A quick lunch and I was off to pick up Jay from school. Getting into Cascade can be such a chore. I could see Jay standing in front of the school so I decided to bypass the line as I had seen many others do and expected to quickly swoop in and pick him up and be gone before the rush. But, as I got passed the first group, I realized my idea was wrong. I could not get in as others were coming out and I was sticking out blocking them. I quickly turned around and then realized that the line was now way back two blocks or so. I turned off a side road and walked in. Jay and I walked back to the car and know I discovered yet another problem. The side road was the road the buses came out of and I was to be stuck behind a line of buses who were attempting to get out on the road that was blocked by cars just trying to leave. Fortunately, Jay knew that the road the other direction lead out through a sub division that later lead back to the road. It was quite a distance but as we ended up back close to the school, I noted that the buses were still trying to get out.

We picked up Jay's basketball shoes and went back to the house for a bit before his first Cascade basketball game. I worked on the car getting it ready for the parade while we waited for the game. I was suppose to help Jim deliver the cakes for the Marine Corp Birthday Ball but Jimmy called me and told me he could handle it himself which I was very grateful for. I got Jay to his game and we watched as his team seemed to handle the St Francis School team with Jay playing very well, scoring, blocking shots, and getting rebounds. We had to pull him right at the beginning of the fourth quarter so that he could get up to Summit for the final day of try outs there. I stayed behind to watch the rest of the game. Without Jay, the other team soon caught up but one of Jay's old buddies from first grade iced the game with two free throws at the end.

Trin and I grabbed a quick supper at Jakes and drove up to Summit to support Jay. He seemed to be doing well but I felt that the coaches pretty much had made most of their decisions and we were not sure if he would make the team or not. Carrie and Trin were very nervous as we waited for the list to be posted. Jay made the B teams list and all were relieved.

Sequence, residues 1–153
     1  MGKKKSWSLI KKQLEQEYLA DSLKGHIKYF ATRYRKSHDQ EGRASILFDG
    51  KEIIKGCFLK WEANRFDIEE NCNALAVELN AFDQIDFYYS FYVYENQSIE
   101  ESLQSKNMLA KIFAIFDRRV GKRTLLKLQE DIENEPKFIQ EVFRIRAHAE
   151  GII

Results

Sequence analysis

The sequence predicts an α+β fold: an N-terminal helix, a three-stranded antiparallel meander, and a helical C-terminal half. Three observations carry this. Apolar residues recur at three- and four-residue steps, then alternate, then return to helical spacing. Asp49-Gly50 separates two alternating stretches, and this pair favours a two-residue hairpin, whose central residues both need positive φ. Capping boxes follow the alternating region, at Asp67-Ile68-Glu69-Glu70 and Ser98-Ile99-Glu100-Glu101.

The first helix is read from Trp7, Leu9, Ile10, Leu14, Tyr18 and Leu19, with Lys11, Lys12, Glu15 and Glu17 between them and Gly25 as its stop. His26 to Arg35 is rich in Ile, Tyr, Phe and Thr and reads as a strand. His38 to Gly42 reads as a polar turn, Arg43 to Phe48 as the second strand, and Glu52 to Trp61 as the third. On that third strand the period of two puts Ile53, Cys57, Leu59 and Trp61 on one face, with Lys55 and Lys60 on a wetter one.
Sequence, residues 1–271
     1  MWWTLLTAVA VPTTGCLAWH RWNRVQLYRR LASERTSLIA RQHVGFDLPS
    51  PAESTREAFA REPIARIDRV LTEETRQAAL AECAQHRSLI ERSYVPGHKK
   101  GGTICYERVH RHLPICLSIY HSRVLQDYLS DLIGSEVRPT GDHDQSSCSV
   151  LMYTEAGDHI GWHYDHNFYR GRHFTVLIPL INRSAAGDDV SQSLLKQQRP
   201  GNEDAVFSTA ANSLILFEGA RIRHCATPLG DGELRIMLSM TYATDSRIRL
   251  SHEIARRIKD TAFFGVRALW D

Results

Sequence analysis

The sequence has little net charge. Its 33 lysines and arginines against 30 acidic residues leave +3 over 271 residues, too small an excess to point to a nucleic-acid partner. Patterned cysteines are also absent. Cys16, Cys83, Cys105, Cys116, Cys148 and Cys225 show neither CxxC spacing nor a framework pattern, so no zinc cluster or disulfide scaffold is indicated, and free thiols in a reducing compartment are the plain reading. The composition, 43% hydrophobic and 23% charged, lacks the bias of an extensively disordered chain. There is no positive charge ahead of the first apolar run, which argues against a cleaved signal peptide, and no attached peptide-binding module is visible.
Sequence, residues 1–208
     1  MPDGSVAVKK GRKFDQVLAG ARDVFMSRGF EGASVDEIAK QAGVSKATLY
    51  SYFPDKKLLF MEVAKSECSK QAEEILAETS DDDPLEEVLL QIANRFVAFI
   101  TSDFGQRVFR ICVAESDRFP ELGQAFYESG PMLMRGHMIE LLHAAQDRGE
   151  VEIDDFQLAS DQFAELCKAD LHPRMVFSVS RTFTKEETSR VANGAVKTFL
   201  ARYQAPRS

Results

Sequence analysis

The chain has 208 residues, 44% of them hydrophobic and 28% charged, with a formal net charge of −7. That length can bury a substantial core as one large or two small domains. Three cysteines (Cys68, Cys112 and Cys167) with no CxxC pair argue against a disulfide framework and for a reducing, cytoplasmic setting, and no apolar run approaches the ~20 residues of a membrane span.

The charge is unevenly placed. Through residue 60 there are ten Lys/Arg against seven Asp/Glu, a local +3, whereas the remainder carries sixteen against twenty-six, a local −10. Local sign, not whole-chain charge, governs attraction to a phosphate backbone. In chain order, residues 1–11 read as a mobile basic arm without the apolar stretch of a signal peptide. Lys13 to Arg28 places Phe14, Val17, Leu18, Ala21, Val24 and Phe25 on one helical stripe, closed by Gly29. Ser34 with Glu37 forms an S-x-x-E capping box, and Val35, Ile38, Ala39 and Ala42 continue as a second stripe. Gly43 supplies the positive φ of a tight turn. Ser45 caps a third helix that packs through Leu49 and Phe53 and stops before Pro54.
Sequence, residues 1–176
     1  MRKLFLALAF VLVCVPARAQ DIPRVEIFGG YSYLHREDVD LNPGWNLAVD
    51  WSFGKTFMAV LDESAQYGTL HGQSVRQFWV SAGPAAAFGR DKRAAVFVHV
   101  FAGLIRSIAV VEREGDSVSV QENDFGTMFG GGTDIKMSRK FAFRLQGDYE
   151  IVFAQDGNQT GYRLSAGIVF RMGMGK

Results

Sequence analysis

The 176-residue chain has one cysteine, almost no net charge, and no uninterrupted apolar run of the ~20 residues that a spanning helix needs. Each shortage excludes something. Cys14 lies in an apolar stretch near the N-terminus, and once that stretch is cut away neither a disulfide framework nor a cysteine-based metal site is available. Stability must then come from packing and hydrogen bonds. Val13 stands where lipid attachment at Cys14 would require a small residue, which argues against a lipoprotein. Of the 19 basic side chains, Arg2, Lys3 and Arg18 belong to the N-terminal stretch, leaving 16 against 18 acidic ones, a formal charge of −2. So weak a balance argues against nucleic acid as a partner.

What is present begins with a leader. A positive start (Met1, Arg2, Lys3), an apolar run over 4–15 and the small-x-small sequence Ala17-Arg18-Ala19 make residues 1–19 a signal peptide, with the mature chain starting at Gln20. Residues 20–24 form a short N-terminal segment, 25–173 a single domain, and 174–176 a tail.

So, that brings us to today. The weather is suppose to be cold but clear. I get up in a couple of hours to help put out the flags on Wall Street. Then at nine, vets will muster down at Jakes and we will need to get them shuttled down to Harmen park for the parade that begins at 11. Most of the brothers will be all together in three or four groups. The marines will lead our particular part of the parade with WWII vets making ready for the honor flights to Washington followed by in order: Walking WWII vets, Dottie Dolan (wife of Mike Dolan who first marched down Wall st in 1999 with a flag when the city fathers would not allow a parade) driven by Trin, my car, the float pulled by Richard which will carry all the other Band of Brother members, and ending with Toys for Tots and more Marines.

I think it fitting that in this year of a major milestone for the Marine Corp that we let them have the point and the rear.

Later on in the day, we will feed COVO house which is a halfway house for homeless vets. All in all, it should be a very good day.

Happy Veterans Day!

Thursday, November 4, 2010

Multnomah County

I find it very interesting to note that this county controls the entire state. So, how goes Multnomah County, so goes Oregon. Now, that should not be a problem, should it. The problem is the seemingly huge difference in how that county thinks to all of the rest of us.

Time after time, the voters of most of the state vote the opposite of the ones in this county. But, their sheer numbers alone cancel out all of our votes. It has happened in Presidential elections and earlier this year in two tax initiatives. Back in January, Prop 66 and 67 were carried by that county. If you took the combined votes of the rest of us, it would have been defeated.